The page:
The Australian building trades adopted the metric system in 1966 and
the units used for measurement of length are metres (m) and
millimetres (mm).
This section does not cite any sources. Please help improve this section by adding citations to reliable sources. Unsourced material may be challenged and removed. (July 2017) (Learn how and when to remove this template message) Since accurate measurement is essential in many fields, and since all measurements are necessarily approximations, a great deal of effort must be taken to make measurements as accurate as possible. For example, consider the problem of measuring the time it takes an object to fall a distance of one metre (about 39 in). Using physics, it can be shown that, in the gravitational field of the Earth, it should take any object about 0.45 second to fall one metre. However, the following are just some of the sources of error that arise: This computation used for the acceleration of gravity 9.8 metres per second squared (32 ft/s2). But this measurement is not exact, but only precise to two significant digits. The Earth's gravitational field varies slightly depending on height above sea level and other factors. The computation of .45 seconds involved extracting a square root, a mathematical operation that required rounding off to some number of significant digits, in this case two significant digits. Additionally, other sources of experimental error include: carelessness, determining of the exact time at which the object is released and the exact time it hits the ground, measurement of the height and the measurement of the time both involve some error, Air resistance. Scientific experiments must be carried out with great care to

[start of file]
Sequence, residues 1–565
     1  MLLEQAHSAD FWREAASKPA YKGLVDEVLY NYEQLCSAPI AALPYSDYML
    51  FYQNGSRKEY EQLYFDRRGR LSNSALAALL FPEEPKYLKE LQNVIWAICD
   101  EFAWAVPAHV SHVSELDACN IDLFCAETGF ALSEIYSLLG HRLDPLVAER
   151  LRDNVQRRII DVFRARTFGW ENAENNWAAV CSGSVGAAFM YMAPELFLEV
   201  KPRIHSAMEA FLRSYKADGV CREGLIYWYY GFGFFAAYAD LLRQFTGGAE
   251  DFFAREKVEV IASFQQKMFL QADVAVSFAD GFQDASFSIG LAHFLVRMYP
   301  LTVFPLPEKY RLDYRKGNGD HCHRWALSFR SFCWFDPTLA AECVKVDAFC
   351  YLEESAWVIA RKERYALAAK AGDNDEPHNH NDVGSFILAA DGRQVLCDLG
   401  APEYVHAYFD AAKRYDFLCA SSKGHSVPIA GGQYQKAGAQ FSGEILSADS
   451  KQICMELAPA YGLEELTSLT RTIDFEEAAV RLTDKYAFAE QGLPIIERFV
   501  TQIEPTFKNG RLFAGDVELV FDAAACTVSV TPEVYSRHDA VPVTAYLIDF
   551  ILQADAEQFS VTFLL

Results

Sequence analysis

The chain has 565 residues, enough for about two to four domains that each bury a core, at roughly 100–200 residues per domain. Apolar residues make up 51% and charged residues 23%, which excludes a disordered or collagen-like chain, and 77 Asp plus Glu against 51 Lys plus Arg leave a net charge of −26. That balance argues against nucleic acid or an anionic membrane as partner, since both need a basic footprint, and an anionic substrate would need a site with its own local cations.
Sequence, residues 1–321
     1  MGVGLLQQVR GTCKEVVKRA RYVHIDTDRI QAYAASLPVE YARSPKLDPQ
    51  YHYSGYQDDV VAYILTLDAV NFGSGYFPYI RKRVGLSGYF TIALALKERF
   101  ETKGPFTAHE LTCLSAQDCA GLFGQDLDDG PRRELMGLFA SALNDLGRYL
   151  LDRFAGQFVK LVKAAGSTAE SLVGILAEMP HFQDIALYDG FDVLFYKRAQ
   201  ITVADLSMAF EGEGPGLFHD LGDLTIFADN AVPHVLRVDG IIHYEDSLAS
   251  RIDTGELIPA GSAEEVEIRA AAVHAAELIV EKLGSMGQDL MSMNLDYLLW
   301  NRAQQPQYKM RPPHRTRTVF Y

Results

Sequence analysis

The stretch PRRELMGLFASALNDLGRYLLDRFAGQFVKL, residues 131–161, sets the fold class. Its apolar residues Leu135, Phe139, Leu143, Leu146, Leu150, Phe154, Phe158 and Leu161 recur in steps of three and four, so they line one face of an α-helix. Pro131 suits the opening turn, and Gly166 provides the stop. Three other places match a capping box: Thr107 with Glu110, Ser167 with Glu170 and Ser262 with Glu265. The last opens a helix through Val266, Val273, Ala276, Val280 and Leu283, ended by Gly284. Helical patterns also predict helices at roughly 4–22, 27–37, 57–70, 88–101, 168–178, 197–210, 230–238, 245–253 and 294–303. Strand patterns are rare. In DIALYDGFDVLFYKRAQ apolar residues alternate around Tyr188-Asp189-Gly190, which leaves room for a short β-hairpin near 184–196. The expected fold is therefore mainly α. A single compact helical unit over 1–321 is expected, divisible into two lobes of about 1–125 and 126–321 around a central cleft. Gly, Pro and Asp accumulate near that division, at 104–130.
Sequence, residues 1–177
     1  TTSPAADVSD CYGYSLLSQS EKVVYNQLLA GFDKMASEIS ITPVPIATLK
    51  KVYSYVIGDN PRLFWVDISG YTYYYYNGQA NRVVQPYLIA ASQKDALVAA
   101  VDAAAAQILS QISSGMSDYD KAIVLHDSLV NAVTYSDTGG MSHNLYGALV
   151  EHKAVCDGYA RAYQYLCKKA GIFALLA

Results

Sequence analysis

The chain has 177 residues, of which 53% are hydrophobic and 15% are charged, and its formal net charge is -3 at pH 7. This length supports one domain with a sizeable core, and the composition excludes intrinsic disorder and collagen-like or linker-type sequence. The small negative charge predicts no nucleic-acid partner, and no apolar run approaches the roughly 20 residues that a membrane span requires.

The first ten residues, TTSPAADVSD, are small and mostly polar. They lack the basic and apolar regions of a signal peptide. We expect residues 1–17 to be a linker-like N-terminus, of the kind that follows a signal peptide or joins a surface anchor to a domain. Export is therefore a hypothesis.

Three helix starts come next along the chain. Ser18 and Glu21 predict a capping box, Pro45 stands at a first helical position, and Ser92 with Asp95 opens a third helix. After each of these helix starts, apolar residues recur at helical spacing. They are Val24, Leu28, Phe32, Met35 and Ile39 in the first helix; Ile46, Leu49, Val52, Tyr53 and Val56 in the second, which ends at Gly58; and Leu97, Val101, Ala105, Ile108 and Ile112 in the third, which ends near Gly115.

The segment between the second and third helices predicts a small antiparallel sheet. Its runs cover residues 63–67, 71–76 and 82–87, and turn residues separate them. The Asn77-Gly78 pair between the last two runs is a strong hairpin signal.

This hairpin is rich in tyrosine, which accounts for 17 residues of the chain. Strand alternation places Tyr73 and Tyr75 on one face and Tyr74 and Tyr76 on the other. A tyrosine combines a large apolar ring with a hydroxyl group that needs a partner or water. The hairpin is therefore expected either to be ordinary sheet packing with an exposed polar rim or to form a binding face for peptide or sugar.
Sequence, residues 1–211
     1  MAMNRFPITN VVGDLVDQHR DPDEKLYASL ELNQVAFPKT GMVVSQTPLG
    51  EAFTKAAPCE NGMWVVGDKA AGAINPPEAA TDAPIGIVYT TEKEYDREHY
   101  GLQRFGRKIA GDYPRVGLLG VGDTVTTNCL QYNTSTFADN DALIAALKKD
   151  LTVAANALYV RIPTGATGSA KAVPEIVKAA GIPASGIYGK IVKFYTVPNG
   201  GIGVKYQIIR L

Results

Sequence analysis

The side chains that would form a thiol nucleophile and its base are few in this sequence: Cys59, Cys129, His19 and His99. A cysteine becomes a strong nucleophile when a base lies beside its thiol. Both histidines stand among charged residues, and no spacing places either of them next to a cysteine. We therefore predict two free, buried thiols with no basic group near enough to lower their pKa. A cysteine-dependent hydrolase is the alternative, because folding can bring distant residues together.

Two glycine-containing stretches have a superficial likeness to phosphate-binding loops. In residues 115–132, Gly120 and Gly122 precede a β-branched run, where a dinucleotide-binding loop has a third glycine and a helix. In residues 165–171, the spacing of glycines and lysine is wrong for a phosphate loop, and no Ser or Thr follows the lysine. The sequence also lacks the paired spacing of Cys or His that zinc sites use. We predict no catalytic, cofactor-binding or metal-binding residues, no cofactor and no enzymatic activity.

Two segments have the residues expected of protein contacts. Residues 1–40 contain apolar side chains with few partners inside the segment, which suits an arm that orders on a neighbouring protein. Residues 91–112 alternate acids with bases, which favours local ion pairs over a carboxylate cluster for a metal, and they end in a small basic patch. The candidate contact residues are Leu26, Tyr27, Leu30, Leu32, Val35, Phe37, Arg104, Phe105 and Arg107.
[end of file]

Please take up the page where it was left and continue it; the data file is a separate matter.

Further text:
eliminate as much error as possible, and to keep error estimates
realistic.
Definitions and theories[edit]
Classical definition[edit]
In the classical definition, which is standard throughout the physical
sciences, measurement is the determination or estimation of ratios of
quantities.[11] Quantity and measurement are mutually defined:
quantitative attributes are those possible to measure, at least in
principle. The classical concept of quantity can be traced back to
Airy points
Conversion of units
Detection limit
Differential linearity
Dimensional analysis
Dimensionless number
Econometrics
Electrical measurements
History of measurement
History of science and technology
ISO 10012,
References[edit] ^ a b Pedhazur, Elazar J.; Schmelkin, Liora Pedhazur (1991).
Measurement, Design, and Analysis: An Integrated Approach (1st ed.).
Hillsdale, NJ: Lawrence Erlbaum Associates. pp. 15–29.
ISBN 0-8058-1063-3.
^ a b International Vocabulary of
External links[edit] Look up measurement in Wiktionary, the free dictionary. Wikiquote has quotations related to: Measurement Library resources about Measurement Resources in your library A Dictionary of Units of Measurement